SPECIALIZED CENTERS OF RESEARCH (SCORS) IN ISCHEMIC HEART DISEASE IN BLACKS

Release Date:  July 29, 1998

RFA:  HL-98-015

P.T.

National Heart, Lung, and Blood Institute
Office of Alternative Medicine

Letter of Intent Receipt Date:  May 7, 1999
Application Receipt Date:  September 15, 1999

PURPOSE

This solicitation invites grant applications to enter a single open competition
for Specialized Centers of Research (SCOR) in Ischemic Heart Disease in Blacks. 
Applicants should select one of three themes, Sudden Cardiac Death, Microvascular
Disease, or Diabetic Heart Disease as the focus of their applications.  The goal
of this initiative is to foster an interdisciplinary study of issues surrounding
the expression of heart disease in Blacks.  To this end, investigators must
present an application that encompasses both basic and clinical science,
including studies in Black patients.  The goal of the program is to advance our
understanding of the expression of heart disease in this population through
exploitation of modern methods and approaches to molecular biology, cellular and
organ physiology, and clinical practice.  All projects must have clearly stated
hypothesis and innovative approaches to the problem to be studied.

HEALTHY PEOPLE 2000

The Public Health Service (PHS) is committed to achieving the health promotion
and disease prevention objectives of Healthy People 2000, a PHS-led national
activity for setting priority areas.  This Request for Applications (RFA),
Specialized Centers of Research in Ischemic Heart Disease in Blacks, is related
to the priority areas of heart disease and stroke and diabetes and chronic
disabling diseases.  Potential  applicants may obtain a copy of "Healthy People
2000" (Full Report:  Stock No. 017-001-00474-0 or Summary Report:  Stock No.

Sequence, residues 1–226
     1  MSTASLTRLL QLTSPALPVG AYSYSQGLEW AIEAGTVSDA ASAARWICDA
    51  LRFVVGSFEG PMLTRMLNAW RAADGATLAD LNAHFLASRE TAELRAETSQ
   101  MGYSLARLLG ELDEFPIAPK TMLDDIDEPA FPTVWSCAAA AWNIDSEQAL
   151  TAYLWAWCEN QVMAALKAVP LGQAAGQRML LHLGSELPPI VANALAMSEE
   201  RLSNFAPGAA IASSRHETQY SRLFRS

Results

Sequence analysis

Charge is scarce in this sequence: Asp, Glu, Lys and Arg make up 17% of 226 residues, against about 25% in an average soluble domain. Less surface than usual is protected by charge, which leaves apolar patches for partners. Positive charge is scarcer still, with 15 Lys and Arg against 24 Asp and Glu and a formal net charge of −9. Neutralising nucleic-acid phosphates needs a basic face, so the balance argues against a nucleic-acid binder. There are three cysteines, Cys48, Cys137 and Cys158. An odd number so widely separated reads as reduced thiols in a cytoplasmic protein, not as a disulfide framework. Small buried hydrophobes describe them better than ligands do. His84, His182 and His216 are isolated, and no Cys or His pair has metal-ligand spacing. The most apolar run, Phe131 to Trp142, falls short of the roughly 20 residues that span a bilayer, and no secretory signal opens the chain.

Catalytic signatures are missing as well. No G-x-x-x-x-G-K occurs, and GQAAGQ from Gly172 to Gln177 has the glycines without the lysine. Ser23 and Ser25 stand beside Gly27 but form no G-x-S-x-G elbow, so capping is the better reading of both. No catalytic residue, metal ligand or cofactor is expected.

017-001-00473-1) through the Superintendent of Documents, Government Printing
Office, Washington, DC 20402-9325 (telephone 202-512-1800).

ELIGIBILITY REQUIREMENTS

Applications may be submitted by domestic for-profit and non-profit institutions,
public and private, such as universities, colleges, hospitals, and laboratories. 
Applicants must provide evidence that there is an adequate resource of eligible
Black subjects to meet proposed recruitment goals.  In addition applicants should
provide detailed plans of recruitment strategies and retention for study subjects
so that likelihood of meeting the stated goals can be assessed.  Foreign
institutions are not eligible for specialized centers (P50) grants.

The principal investigator should be an established research scientist with the
ability to ensure quality control and the experience to administer effectively
and integrate all components of the program.  A minimum time commitment of 25
percent is expected for this individual.  The principal investigator must also
be the project leader of one of the component research projects.  If, through
peer review, this project is not recommended for further consideration, the
overall SCOR application will not be considered further.  If this project is
judged by peer review to be of low scientific merit, it will markedly reduce the
overall scientific merit ranking assigned to the entire application by the review
committee.  Project leaders must agree to commit at least 20 percent effort to
each project for which they are responsible.

MECHANISM OF SUPPORT